Guy: We had a lot of problems in the beginning.Sometimes something goes wrong with the software, sometimes something goes wrong with the hardware.Later, we solved these problems together.Our original equipment was not optimized for astronomical measurements of asteroids, so we had difficulty observing even fairly bright objects.Now, we use a bigger telescope and a very sensitive QHY42 camera.Unfortunately, like most amateur asteroid observatories, we were underfunded, which slowed our progress.



 

AT2020plo © Northolt Branch Observatories

QHYCCD: Please talk about the charm of astronomical photography.

Guy: Instead of doing astronomical photography, we use cameras to collect astronomical and photometric data.Having said that, when we are tracking some comets, such as C / 2020 F3 (NEOWISE), we can get very good images in a short time.This is due to the use of a HIGH sensitivity sensor QHY camera.




Comet C/2020 F3 (NEOWISE)

 Northolt Branch Observatories

QHYCCD: What is the reason why you choose QHYCCD camera?

Guy: We chose the QHY camera because of some criteria.Ninety-five percent quantum efficiency is ideal for capturing asteroids.The 2 by 2 bin image allows our Ritchey-Chretien telescope to provide a 1 degree square view.In this way, the pixel ratio can be slightly larger than 2, which can perfectly meet our requirements.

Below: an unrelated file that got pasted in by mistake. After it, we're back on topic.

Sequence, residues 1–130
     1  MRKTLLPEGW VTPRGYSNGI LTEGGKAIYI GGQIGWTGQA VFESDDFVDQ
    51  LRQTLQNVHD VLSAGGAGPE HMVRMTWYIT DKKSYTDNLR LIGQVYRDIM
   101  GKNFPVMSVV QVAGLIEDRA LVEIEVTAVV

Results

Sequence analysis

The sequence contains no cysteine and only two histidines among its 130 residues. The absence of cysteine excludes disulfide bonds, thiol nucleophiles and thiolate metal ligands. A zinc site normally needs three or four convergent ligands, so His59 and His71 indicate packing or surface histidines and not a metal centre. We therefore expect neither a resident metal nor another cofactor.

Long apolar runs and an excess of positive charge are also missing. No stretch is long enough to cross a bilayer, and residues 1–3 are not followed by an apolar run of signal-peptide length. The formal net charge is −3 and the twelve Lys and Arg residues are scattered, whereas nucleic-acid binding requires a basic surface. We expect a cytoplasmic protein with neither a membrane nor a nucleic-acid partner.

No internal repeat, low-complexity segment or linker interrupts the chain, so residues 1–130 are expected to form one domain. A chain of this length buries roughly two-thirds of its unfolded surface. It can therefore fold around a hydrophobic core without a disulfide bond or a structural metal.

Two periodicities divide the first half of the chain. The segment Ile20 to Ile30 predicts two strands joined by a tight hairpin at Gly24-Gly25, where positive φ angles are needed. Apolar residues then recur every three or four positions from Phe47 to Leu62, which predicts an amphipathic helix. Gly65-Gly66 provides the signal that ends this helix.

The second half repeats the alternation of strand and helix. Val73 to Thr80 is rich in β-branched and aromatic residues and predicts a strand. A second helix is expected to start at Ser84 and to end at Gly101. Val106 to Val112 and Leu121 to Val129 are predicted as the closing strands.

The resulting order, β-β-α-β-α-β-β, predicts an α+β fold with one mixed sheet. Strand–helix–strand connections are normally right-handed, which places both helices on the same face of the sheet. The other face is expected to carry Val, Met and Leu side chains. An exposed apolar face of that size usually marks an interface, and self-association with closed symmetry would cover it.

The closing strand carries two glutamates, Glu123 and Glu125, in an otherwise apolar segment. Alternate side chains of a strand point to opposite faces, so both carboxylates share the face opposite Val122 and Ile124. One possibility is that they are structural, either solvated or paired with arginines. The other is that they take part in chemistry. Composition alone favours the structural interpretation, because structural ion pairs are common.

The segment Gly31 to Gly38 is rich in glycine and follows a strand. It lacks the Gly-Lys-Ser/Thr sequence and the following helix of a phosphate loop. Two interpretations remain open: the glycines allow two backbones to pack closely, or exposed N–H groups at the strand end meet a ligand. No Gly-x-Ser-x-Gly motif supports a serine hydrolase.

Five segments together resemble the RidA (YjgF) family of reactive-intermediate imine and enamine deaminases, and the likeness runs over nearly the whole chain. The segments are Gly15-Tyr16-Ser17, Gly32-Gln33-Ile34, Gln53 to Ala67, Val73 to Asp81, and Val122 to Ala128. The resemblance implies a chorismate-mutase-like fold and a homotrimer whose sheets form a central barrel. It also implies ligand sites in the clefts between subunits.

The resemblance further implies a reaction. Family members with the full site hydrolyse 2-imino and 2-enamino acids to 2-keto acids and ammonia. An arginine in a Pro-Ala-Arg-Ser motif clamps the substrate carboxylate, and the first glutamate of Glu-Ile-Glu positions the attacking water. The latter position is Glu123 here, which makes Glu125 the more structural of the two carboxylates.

QHYCCD: Which camera do you use? Please share with us the shooting results and experience!Guy: In 2018, we received the new QHY42 Science camera.QHY provided us with a lot of support to make sure everything went smoothly.With a constant stream of useful technical support and tweaks to the driver, we'll soon be able to use the new camera.Until now, we've helped identify about 200 neoearths and made more than 6,500 measurements of small objects in our solar system.During this time, we also became a member of the International Asteroid Warning Network (IAWN).




Near-Earth asteroid 2020 SX3

  Northolt Branch Observatories

QHYCCD: How do you think your work, or astronomy, will affect humanity?